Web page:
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Feds Campaign to Prevent Hot Car Heatstroke in Children

U.S. Department of Transportation Child Heatstroke Prevention 

On July 1, 2020, which is designated as Heatstroke Awareness Day, Elaine Chao, U.S. Transportation Secretary, announced that a $3 million public safety campaign was set to launch with the goal of reducing vehicular heatstroke deaths among children across the nation. The campaign is part of the U.S. Department of Transportation’s (DOT) effort to educate the public and project a unified message about the dangers that a hot car can pose to children.

The campaign is designed to remind drivers that they should never leave a child unattended in a vehicle.  It also urges drivers to lock their vehicles in order to prevent children in their neighborhoods from entering a hot car without anyone knowing.

Additionally, the National Highway Traffic Safety Administration (NHTSA) gathered and held a news conference on July 1st, focusing on a path to preventing hot car deaths.  Attending the conference in addition to Secretary Chao, were Mississippi Senator Roger Wicker, and representatives from various safety organizations.

Park – Look – Lock

Public service announcements started on July 1, 2020, and will continue throughout the summer.  They employ the phrase “park, look, lock” as a simple, easy-to-remember refrain to get the point across.  The campaign includes radio ads all across the United States as well as a digital campaign that is designed to target the following states that have the most child heatstroke deaths:

  • Virginia
  • Texas
  • Tennessee
  • South Carolina
  • North Carolina
  • Ohio
  • Missouri
  • Oklahoma
  • Mississippi
  • Kentucky
  • Louisiana
  • Indiana
  • Florida
  • California
  • Georgia
  • Arizona
  • Alabama
  • Arkansas

Why the Hot Car Message is Especially Important Now

Because we are experiencing a pandemic, parents may think it is safer to leave their child in the vehicle while they run into a store, rather than potentially expose them to germs.  It is not safer to leave the child is a vehicle.  Hot temperatures throughout the country can lead to the interior of a vehicle quickly reaching temperatures that can kill.

Watch the following YouTube video, which discusses the signs and symptoms of heatstroke.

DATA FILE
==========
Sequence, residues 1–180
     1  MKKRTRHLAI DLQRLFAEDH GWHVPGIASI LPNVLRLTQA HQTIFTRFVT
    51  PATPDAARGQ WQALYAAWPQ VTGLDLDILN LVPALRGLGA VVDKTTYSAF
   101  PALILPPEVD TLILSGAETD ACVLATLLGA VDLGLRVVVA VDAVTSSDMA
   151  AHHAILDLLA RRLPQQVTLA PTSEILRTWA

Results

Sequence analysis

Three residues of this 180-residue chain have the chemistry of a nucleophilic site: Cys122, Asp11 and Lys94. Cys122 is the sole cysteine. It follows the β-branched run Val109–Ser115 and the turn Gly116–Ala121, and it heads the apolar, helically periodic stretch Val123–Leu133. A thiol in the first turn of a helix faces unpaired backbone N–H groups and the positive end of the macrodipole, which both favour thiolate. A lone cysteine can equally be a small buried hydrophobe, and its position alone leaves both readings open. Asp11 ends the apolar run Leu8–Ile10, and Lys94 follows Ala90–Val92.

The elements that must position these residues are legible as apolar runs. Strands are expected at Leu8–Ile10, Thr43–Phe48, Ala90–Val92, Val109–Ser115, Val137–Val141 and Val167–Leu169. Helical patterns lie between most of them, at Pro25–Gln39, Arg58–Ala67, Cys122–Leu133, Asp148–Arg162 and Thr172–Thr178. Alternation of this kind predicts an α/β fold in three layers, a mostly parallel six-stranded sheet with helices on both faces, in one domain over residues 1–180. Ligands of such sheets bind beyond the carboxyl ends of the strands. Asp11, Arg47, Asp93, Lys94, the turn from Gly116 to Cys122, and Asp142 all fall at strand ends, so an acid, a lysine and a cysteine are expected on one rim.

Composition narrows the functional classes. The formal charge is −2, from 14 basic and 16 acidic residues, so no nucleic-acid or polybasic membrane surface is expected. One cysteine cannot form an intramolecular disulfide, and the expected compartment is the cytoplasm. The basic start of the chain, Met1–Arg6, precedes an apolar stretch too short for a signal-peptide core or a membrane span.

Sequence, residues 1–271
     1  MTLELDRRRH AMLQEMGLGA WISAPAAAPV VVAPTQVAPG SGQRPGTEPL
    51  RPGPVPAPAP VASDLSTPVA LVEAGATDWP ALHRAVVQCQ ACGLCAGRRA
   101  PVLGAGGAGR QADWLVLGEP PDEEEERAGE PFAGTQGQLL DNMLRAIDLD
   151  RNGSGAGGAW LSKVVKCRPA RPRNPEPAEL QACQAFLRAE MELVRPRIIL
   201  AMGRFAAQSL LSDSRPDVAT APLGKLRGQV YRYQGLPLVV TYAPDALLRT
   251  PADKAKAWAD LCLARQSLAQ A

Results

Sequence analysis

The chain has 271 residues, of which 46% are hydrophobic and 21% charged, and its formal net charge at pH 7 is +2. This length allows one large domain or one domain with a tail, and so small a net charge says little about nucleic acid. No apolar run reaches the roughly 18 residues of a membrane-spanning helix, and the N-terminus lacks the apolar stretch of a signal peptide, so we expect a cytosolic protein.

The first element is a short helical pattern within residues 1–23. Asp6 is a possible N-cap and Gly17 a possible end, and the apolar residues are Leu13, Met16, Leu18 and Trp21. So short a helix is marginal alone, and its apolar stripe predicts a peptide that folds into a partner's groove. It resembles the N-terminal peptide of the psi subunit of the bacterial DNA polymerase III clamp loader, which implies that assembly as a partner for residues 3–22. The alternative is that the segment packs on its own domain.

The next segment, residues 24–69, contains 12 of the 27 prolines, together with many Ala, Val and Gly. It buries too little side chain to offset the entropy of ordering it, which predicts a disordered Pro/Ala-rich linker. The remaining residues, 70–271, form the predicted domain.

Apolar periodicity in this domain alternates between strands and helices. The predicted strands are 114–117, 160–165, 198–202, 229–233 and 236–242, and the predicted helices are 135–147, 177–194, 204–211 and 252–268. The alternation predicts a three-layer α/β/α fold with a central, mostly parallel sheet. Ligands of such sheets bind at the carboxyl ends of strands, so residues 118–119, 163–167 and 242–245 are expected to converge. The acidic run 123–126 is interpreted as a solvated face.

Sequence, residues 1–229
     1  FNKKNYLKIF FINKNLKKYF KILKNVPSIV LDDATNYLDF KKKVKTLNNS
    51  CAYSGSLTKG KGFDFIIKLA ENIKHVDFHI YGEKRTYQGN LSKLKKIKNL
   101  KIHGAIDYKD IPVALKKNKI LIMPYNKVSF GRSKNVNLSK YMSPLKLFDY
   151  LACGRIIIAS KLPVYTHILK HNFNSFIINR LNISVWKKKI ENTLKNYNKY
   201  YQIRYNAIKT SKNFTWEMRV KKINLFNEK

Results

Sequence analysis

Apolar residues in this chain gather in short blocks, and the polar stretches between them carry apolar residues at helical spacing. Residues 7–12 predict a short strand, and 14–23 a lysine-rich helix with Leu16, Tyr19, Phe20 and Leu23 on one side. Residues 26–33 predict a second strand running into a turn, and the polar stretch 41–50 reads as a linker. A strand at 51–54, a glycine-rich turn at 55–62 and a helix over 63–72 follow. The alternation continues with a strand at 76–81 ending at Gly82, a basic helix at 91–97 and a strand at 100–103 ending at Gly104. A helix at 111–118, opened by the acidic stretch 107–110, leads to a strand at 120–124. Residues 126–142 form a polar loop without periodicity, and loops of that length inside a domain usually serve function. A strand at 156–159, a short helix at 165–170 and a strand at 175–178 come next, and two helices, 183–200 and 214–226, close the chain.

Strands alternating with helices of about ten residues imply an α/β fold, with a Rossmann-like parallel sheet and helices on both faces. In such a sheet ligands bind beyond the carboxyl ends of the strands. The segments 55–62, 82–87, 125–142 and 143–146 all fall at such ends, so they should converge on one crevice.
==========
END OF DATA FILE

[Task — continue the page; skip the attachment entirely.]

Things to be aware of in order to help prevent hot car tragedies:

  • Children should be taught that vehicles are not intended for playing inside.
  • All vehicles should be kept locked when parked, so a child does not enter unbeknownst to an adult.
  • Remember that leaving a window open does not sufficiently cool a hot vehicle.
  • Be aware that heatstroke deaths have happened even when the vehicle was parked in the shade.
  • Do not leave a child unattended in a vehicle for any amount of time.
  • If you are a bystander who sees an unattended child in a vehicle, call 911 for immediate assistance.

Statistics on Child Heatstroke In the U.S.

  • 860 children have been killed by hot car heatstroke since 1998
  • 39 children die of vehicular heatstroke on average each year since 1998
  • 2019 child heatstroke fatalities: 52
  • 2018 child heatstroke fatalities: 53

Car Accident Lawyer in Sacramento

I’m Ed Smith, a car accident lawyer in Sacramento, California.  My firm has helped injured Sacramentans for nearly four decades.  We are a holistic law office, and we seek to have our clients fully recover from their injuries.  If you or a family member sustained injuries caused by a negligent driver, I am available to offer compassionate, free, and friendly advice at (916) 921-6400.  If you are calling from outside the Sacramento area, you can reach me at (800) 404-5400.  For those that prefer online communication, I offer this form.

I am a proud member of the following legal associations: Million Dollar Forum and Top 1 Percent.

Our law firm handles cases involving severe injuries, traffic collisions, and families who have suffered a loved one’s wrongful death.

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Photo Attribution: https://pixabay.com/photos/toy-car-child-in-background-male-2740634/

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